U.S. Water News Online
RIO BRAVO, Mexico -- Mexico's transfer of water from the
Rio Grande to the United States has enraged farmers south of the
border, escalating a long-simmering war over flows of the river in
the arid region.
U.S. farmers have long complained that Mexico wasn't fulfilling
its promise under international agreements to release an annual
average of 350,000 acre feet of water a year to southern Texas.
Mexico is supposed to send the flows north in exchange for 1.5
million acre feet of water from the Colorado River in the American
Southwest. An acre foot equals nearly 386,000 gallons.
Before President Vicente Fox took office, Mexico wasn't releasing
the full annual allotment to the United States, racking up a debt of
1.3 million acre feet of water.
After Fox became president in 2000, he began making the minimum
yearly payment of water, angering Mexicans in the once-thriving
region between the border cities of Reynosa and Matamoros where corn,
cotton and a variety of vegetables were grown.
Now Mexican farmers complain they can only grow sorghum, a dryland
crop that requires less water and is also less profitable. U.S.
farmers aren't happy either, saying they still don't have enough to
water their crops.
Texas Agriculture Commissioner Susan Combs says the water
shortfall has cost farmers in her state nearly $1 billion in crop
losses since 1992.
``There is plenty of water,'' said Combs, who plans to visit
Mexico in February to the issue. ``The problem is Mexico is not
allocating it to make everybody happy.''
President Bush raised the issue when he met with Fox during a
Special Summit of the Americas in the northern city of Monterrey.
Bush prodded his Mexican counterpart, picking up a water bottle he
brought from the United States and saying ``let's talk about this,''
referring to Mexico's water debt.
Fox responded that he felt he had paid his annual water dues but
recognized that there was still a larger debt to be paid. Bush noted
that many Mexican dams were still at good levels after this year's
heavy rainy season.
Mexico says that because of a drought that began in 1992, it
doesn't have the water to pay the debt that has been growing for the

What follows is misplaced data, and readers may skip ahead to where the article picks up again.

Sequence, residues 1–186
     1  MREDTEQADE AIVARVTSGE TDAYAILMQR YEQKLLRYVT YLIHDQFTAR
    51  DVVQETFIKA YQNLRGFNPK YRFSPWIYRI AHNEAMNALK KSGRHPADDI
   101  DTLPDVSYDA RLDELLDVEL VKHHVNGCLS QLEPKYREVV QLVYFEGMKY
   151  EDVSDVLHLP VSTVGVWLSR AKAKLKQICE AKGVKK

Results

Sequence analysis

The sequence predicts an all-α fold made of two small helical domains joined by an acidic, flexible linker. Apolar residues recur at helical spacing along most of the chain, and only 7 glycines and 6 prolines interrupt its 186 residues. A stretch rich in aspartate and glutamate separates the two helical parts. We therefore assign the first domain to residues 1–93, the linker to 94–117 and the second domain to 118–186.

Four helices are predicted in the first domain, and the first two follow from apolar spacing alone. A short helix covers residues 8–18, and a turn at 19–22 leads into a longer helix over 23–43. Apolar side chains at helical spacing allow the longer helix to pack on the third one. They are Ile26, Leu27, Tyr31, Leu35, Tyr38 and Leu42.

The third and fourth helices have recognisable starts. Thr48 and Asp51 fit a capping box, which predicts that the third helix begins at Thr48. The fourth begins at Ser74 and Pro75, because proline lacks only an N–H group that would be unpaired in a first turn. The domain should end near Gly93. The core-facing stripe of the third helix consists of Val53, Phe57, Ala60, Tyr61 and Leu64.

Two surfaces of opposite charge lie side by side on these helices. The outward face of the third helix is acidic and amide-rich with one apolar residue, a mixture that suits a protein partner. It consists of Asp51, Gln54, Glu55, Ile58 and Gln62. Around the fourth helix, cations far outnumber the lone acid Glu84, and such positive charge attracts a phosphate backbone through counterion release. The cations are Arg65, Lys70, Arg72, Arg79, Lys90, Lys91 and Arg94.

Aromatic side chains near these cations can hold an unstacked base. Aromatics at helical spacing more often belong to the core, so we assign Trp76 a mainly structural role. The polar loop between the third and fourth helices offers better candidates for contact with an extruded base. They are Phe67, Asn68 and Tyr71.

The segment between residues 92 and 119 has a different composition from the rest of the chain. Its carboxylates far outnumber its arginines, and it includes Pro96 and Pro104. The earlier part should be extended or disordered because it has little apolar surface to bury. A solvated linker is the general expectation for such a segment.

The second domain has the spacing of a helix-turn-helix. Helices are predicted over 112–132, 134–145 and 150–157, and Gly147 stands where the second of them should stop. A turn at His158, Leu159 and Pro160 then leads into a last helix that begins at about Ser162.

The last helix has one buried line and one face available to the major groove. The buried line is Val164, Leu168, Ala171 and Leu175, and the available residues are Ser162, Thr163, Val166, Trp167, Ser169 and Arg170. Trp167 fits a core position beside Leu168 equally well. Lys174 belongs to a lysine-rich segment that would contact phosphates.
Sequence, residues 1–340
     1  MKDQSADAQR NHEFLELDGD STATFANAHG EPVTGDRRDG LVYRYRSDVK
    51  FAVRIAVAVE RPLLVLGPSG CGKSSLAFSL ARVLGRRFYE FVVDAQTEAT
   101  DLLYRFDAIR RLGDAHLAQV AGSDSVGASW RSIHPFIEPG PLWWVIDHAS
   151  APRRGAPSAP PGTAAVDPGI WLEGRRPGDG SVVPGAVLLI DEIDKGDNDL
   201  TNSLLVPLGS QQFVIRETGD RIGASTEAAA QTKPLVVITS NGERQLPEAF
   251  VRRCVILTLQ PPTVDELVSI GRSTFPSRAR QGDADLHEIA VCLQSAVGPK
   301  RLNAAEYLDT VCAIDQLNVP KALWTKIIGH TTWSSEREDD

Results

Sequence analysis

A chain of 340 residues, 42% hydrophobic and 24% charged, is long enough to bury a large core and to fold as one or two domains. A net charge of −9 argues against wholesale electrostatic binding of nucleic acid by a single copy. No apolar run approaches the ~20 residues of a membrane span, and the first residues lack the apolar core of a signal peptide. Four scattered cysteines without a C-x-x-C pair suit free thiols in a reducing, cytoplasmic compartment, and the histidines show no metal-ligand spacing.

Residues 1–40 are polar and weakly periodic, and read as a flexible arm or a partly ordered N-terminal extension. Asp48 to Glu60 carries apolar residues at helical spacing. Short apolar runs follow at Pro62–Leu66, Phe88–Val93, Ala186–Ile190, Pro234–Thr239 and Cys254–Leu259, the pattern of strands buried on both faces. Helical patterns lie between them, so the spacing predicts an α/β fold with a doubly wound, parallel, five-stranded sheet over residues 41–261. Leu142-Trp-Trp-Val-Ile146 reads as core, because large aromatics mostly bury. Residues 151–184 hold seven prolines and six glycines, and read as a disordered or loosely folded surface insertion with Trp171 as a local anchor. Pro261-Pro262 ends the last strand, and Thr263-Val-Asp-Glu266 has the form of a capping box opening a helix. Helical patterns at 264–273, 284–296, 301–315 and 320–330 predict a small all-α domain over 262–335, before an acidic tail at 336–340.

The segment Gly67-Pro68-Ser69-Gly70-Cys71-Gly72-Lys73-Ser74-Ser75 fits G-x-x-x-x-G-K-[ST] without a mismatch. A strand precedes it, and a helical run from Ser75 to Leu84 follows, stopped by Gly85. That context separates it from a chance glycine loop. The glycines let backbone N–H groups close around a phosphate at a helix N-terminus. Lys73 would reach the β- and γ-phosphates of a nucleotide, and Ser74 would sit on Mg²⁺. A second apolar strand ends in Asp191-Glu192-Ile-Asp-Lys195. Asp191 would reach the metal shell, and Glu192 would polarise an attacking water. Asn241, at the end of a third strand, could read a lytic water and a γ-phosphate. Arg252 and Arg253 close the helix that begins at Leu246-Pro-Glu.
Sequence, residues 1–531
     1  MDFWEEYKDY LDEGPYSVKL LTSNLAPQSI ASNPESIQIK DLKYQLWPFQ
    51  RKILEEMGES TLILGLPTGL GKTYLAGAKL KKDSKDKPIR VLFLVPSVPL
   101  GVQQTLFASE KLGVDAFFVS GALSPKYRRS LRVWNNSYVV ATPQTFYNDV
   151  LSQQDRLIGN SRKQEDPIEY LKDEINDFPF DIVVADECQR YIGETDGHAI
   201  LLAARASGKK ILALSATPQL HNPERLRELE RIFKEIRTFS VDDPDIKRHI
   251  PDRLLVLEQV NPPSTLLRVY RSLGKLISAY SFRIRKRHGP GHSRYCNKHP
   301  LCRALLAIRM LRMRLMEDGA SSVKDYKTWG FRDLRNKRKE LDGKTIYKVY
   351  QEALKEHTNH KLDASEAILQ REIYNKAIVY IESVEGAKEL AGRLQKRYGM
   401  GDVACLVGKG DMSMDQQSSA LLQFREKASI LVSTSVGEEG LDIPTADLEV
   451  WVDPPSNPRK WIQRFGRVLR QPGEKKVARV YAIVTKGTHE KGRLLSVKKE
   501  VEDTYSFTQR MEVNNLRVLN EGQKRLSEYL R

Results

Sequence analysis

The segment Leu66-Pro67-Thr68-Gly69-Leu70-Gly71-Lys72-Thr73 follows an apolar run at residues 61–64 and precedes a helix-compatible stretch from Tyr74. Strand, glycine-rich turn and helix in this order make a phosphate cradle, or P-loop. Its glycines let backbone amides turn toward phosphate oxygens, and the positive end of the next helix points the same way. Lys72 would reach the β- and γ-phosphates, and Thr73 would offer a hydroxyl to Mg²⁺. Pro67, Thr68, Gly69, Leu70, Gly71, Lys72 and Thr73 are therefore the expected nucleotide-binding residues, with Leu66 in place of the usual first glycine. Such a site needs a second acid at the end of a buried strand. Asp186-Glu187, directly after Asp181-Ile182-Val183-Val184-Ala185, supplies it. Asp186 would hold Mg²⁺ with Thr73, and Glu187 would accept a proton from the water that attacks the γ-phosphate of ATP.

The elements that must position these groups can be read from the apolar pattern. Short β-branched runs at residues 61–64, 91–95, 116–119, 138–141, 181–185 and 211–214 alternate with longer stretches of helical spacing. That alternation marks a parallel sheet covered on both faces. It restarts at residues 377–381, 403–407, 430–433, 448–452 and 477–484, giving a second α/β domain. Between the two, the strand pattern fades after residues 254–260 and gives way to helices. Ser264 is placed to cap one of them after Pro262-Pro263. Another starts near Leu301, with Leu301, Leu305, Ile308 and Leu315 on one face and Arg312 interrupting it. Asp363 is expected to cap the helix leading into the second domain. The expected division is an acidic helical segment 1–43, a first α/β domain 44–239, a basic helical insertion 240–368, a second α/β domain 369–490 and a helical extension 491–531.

last 10 years.
Although last year's heavy rains in northeastern Mexico have
caused some reservoirs to overflow, the rainfall wasn't captured in
the Falcon or Amistad International Storage Reservoirs, where water
allocations to the United States would come from, said Jose Antonio
Rodriguez, a spokesman with Mexico's National Water Commission.
Since Oct. 1, Mexico has transferred 383,554 acre feet of water to
the United States, said Sally Spener of the International Boundary
and Water Commission.
Carolina Vazquez of Mexico's Water Commission says that fulfills
Mexico's yearly dues, but it isn't clear whether Mexico will begin
paying on its larger debt this year.
Farmers from the Mexican state of Tamaulipas, which borders the
Texas' Rio Grande Valley, say the recent payment leaves them high and
dry and they have had to abandon fields and cut back on crops.
``In the last few years, they first pay the United States and then
they tell us there is no water left for us,'' said Jaime Garza, who
heads a farmers' cooperative in Rio Bravo, an agricultural town 15
miles east of Reynosa. ``We are not asking for extra water. What we
want is the water that belongs to us.''
Garza and about 14,000 other farmers say they received no water
during the first two years of the Fox administration. For this
agricultural year, they have been given about 650,000 acre feet,
enough water to allow for some cornfields, but farmers remain
``They assigned us that amount, but we have to wait and see if
they'll actually give it to us,'' Garza said.
Mexican federal authorities have been tightlipped about plans to
repay the water debt, declining several interview requests by The
Combs and Tamaulipas farmers agree the problem stems from the
excessive water use by farmers upriver, in the state of Chihuahua.
``If Fox can fix Chihuahua, everybody can be happy,'' Combs said.
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